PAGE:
Challenger banks such as N26, Monzo, Revolut, Sterling, and Klarna have understood this and are working on subscription management features that aim to win over customers from incumbent banks. However, as incumbent banks are still the primary choice for most people when it comes to money management, they are well-positioned to take the lead on subscription management and strengthen their natural position as number one in money management.

In conclusion, deploying subscription management is one of the best ways for incumbent banks to mitigate the risks of customer disintermediation and unbundling of services.





Comments: (2)

Melvin Haskins
Melvin Haskins - Haston International Limited - 22 April, 2020, 09:14Be the first to give this comment the thumbs up 0 likes

I accept that 400,000 is a large number, but it is still less  than 0.1% of the population of Europe and there is no mention of the breakdown of the countries surveyed. Your findings do not gel with my contact base so I question the validity of percentages extrapolated from your findings. Subscription management is a great idea and every financial institution should offer it, particularly as most suppliers make cancellation an unpleasant experience - as you say, most insist on a telephone call to cancel and have a salesperson at the other end to talk you out of cancelling.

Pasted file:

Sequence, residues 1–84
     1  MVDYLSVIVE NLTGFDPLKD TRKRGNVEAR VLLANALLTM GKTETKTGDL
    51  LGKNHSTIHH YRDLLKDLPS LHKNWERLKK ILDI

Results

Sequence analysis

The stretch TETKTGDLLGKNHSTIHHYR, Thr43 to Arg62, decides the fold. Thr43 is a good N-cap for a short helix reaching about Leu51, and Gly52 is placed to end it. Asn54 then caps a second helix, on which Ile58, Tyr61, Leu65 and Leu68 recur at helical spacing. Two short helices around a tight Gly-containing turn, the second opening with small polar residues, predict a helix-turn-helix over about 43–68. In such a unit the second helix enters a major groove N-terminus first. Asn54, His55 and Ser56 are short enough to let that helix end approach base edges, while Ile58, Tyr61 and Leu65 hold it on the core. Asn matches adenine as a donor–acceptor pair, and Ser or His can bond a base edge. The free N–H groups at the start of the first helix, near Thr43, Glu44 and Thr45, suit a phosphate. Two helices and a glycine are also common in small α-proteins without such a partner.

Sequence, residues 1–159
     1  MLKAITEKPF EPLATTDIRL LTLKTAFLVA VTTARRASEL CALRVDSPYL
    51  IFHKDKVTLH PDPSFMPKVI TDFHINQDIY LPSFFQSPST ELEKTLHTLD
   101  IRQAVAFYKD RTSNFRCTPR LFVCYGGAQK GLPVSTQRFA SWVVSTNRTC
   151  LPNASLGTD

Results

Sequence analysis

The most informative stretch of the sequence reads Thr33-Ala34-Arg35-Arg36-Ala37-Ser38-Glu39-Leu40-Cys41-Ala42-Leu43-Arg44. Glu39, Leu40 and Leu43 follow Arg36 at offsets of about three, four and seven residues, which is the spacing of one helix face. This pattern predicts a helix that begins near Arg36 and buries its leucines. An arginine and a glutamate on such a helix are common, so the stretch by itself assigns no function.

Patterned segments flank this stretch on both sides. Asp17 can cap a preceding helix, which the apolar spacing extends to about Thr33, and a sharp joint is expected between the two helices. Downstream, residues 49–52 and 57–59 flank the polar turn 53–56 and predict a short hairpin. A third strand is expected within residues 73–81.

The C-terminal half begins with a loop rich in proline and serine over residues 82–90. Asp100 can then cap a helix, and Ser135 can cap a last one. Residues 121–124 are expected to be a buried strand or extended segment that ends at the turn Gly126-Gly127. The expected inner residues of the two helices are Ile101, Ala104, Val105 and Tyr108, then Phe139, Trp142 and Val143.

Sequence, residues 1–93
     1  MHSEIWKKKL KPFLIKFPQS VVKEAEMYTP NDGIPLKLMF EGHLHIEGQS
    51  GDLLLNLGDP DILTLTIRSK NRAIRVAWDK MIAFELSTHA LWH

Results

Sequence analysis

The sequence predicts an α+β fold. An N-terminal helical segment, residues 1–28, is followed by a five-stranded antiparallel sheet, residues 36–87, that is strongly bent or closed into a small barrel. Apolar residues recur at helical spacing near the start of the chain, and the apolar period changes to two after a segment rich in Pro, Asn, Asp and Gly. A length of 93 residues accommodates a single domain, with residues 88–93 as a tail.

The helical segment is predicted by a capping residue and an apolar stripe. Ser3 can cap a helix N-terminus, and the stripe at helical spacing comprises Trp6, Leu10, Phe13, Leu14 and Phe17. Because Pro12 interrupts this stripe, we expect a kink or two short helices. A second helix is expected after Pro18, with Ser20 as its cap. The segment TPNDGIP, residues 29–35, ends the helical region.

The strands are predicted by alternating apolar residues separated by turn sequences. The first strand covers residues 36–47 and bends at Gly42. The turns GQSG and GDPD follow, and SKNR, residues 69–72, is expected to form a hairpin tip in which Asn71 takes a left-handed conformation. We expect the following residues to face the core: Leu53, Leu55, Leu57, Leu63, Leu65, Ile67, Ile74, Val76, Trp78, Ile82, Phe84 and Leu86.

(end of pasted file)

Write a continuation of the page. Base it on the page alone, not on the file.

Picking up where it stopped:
Ketharaman Swaminathan
Ketharaman Swaminathan - GTM360 Marketing Solutions - Pune 22 April, 2020, 12:17Be the first to give this comment the thumbs up 0 likes

With #RoachMotel and other dark patterns used by service providers snaring consumers into #SubscriptionTrap, there's no argument that there's a compelling need for Subscription Management. But I'm not sure if banks have a play here or even want to have a play here. 

To take my personal example, whenever I buy a subscription, I try to buy it from AppStore or PlayStore as far as possible because they support cancellation of a subscription anytime (even if the original service provider does not).

In the case of my WSJ subscription, I ordered the subscription directly from WSJ website without checking whether they were available on AppStore / PlayStore. Big mistake. I encountered the classic RoachMotel dark pattern and had a tough time cancelling it. 

Now, the thing is, I paid for this WSJ subscription via my credit card. If my bank really wanted to have a play in Subscription Management, it should let me cancel my WSJ card-on-file mandate by contacting it. I didn't try but it has been widely reported that banks do not accept cancelation requests or chargeback demands from consumers wanting to cancel or get refund for unauthorized subscriptions respectively. 

Banks make money only when the subscription continues to run. Ergo they have a vested interest in NOT letting the consumer cancel the subscription or in getting into subscription management in any other manner that would benefit Consumers. Of course, this does not apply to banks, if any, that value CX over Revenue and banks who have delusionary thoughts of being able to charge fees for providing Subscription Management.